"Who would pay his employee with an exponential rule?"
" Not even give the employee a raise every day."
"I think the owners' brains were broken."
"So now you think if you're the employer, then you started to refuse to SHARE your profit with your employees while as an employee, you want to get as much as you can."
I love this lesson! I enjoyed every moment of it. Not only we learned the powerful magic of exponents, but we also had some great conversations with each other.
How interesting the two perspectives on one issue play in the role of decision making.
Most of us agreed on hard workers should be paid more, while we also agreed on the fact that assembly line workers work a lot harder than a CEO.
Journey on- #blog format inspired by Mrs. Crystal Kirch at flippingwithkirch.blogspot.com
This morning I had my Algebra II. It went very well. The organization I am using, which is inspired by Mrs. Crystal Kirch's WSQ chart, helps a lot on keeping my students on track. With the assessment chart, my students can always refer back to the chart if they are not sure what to do in this class or what needs to be done. I truly think this kind of organization is a brilliant idea in a flipped classroom to keep students going on and on.
After lunch I had my Geometry, I find it challenging to control this class, not only because the size is larger, but also the "components" of this class. This section has more personality in it so it makes it harder to push them. A lot of times I feel like I am pushing the carts in the shopping mall. I keep referring my students back to the assessment charts- one after one. It seems like it never ends that students keep coming back to me. I wish my class can incorporate more higher thinking, but from time to time there exists a class that barely keeps itself on track as if it is a broken record.
1. The Assessment Chart really helps a lot!
Not so good:
1. The Assessment Chart is not POWERFUL enough to control some of my classes.
Needs to look for some options for future improvement-
1. How to avoid repeatedly referring to my Assessment Chart.
Strategies to change-
1. Make a simple version of the Assessment Chart and just project it on the wall -
make it SO SIMPLE and SO BIG!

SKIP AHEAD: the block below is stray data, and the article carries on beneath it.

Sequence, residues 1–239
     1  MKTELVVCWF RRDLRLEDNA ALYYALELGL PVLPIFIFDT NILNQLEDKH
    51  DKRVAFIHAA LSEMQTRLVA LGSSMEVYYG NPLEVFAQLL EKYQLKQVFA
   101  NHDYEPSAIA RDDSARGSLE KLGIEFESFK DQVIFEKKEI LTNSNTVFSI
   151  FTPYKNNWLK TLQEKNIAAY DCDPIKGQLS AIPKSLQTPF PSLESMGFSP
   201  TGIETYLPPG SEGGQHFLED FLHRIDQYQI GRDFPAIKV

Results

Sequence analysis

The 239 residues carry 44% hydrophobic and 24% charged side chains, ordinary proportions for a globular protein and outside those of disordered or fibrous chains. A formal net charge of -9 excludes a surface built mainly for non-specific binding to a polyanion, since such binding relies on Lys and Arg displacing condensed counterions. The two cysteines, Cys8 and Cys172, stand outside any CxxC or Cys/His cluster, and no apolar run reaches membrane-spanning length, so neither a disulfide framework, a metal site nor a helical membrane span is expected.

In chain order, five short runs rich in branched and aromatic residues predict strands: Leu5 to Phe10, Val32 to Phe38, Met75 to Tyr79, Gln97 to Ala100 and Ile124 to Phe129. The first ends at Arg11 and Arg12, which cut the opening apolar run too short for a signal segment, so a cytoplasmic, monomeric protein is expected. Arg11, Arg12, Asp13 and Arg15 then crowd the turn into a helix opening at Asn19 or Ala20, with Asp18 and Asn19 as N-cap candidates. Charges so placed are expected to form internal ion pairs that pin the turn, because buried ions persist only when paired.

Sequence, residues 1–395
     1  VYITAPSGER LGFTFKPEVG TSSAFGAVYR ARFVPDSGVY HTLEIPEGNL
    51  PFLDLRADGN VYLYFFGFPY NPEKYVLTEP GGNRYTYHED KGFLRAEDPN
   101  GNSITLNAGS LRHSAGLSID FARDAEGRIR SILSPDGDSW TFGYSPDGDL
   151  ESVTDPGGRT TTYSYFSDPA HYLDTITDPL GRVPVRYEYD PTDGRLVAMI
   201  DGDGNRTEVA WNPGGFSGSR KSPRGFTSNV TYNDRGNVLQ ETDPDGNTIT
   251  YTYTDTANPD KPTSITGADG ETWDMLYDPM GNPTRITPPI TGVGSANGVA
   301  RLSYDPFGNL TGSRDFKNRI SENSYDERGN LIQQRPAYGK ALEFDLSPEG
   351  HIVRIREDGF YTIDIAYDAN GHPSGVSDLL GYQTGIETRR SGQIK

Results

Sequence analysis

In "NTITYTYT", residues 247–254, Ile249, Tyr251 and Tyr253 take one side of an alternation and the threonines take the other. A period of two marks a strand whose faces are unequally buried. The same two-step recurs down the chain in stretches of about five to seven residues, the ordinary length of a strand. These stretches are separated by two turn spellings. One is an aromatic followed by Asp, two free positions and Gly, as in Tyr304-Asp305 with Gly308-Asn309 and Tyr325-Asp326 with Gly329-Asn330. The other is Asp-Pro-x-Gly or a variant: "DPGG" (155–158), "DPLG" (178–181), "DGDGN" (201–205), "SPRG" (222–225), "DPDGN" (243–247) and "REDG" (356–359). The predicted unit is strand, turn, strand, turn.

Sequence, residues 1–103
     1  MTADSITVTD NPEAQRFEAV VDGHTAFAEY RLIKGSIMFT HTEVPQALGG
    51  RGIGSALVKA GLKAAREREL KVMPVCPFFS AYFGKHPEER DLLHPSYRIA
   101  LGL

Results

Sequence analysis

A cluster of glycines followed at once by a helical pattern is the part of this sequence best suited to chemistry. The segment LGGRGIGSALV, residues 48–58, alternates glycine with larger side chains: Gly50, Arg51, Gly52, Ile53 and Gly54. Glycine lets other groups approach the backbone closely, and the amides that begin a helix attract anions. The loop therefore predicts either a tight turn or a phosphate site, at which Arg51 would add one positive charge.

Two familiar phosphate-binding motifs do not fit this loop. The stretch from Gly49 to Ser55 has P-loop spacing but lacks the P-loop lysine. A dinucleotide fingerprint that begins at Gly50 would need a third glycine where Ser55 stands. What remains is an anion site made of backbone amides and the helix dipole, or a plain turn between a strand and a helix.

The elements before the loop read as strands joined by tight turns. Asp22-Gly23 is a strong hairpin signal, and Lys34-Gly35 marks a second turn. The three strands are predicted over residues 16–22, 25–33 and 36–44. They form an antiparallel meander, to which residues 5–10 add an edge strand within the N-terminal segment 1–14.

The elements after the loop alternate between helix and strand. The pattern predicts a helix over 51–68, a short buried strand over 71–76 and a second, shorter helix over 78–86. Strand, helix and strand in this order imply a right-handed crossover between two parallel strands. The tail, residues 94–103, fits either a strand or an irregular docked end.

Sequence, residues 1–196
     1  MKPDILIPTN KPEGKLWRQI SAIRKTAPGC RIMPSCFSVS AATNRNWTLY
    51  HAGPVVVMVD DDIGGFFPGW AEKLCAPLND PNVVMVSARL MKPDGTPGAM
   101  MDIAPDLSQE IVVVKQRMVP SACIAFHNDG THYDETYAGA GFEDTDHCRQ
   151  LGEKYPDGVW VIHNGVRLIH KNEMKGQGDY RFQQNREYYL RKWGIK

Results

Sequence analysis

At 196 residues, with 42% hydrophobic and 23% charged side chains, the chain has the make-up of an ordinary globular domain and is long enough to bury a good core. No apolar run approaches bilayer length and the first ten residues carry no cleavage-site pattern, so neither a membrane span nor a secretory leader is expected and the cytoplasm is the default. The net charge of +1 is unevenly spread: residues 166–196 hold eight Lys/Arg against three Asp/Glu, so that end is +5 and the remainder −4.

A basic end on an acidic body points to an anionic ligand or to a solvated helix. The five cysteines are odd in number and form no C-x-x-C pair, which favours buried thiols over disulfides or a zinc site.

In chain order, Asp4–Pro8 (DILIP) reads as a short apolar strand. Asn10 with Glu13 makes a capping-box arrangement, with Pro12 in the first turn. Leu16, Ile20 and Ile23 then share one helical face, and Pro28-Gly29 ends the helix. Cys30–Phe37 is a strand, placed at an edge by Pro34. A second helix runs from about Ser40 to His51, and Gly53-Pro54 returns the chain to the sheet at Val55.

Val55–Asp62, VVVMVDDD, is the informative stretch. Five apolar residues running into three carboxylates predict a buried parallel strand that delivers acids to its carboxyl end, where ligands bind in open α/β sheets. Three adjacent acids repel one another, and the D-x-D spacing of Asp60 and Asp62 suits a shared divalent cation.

Today I had my Algebra II and Geometry class. My students have always been energetic and I love seeing their love and passion toward their lives. Having a chance to work with young people is such a privilege. They are amazing people.
The flipped-mastery model has been working very well- much more than I expected. Sometimes I feel like these groups of young people need this kind of feeling of being able to control their learning. They want to feel that they have the right to make their own decision. They work for themselves, and learn for themselves.
Moodle is an amazing tool for a flipped-mastery model. It allows us to create unlimited number of summative tests and gives students a chance to learn through their mistakes.
It has been going really well.
Here are my flipped class websites:
For my school year of 2017-2018, I want to emphasis on "assessment". I want to do literature review about standard-based assessment. In the past school year, I tried my second version of grading standards, but a lot of time, I feel my grading standards are either redundant or too big. It's too difficult for me to practice in a flipped-mastery classroom. It's not efficient enough.
So, this year, I am trying to experiment on different tools/standards and see how it goes. I want to carefully look into my grading standards and try to break them down into independent pieces that can be the most efficient to my students and me as a teacher.
So far my assessment chart, modeled after Mrs. Kirch's WSQ chart, has been working out GREAT for my classes :P I was able to see and monitor my students' progress as they are moving it, moving it toward my learning objectives. Not sure how fast they will get there, but they will get there. :)
Moodle with Mr. Bergmann's 1000 tests is EXTREMELY powerful. My students are able to take as many tests as they want until they have mastered the content objective assigned. This mechanism of re-assessing creates an opportunity for students to get away from the "shame" of not being able to accomplish something and avoid the common "test anxiety" among most of teenagers I encountered.
Today, I visited Mr. Meyer's old post about assessment, which made me feel so lucky and thankful that I was able to start teaching with the knowledge of standard-based grading. However, there is still value in the old post, especially Mr. Meyer's Mini-thesis.
For my small goal for next week, I want to continue to run my flipped-mastery classroom with my version 3 of assessment chart and standard-based grading. Continue to read some articles about assessment and see how I feel then :)
I was looking into baby food products for my baby. In order to get the most out of the price I pay for the product, I want to buy something that has the highest price-performance ratio.
I would like to choose from Hipp baby rice and Gerber single rice cereal, which is now with a new look. However, these two similar products are packaged in different shapes of container.
So, which one should I choose considering only to get the most out of any pennies I take? Any thoughts?
Wednesday, Elevator Day.
There are always some days or some time that I desire the elevator more than the others, for example , Wednesday morning.
I need to go to the 6th floor within the shortest amount of time; however, the elevator is also more demanding. So, I want to know when should I take the elevator to get the most out of the elevator and reach my goal- step on the 6th floor in time without taking the stairs.
Here is a picture and an a screenshot of stopwatch showing the time from 3rd floor to 6th floor.
So, how can you formulate this with Algebra and get me to the 6th floor in time to take attendance? Try to list all variables you need to find out to get me there in time using elevator.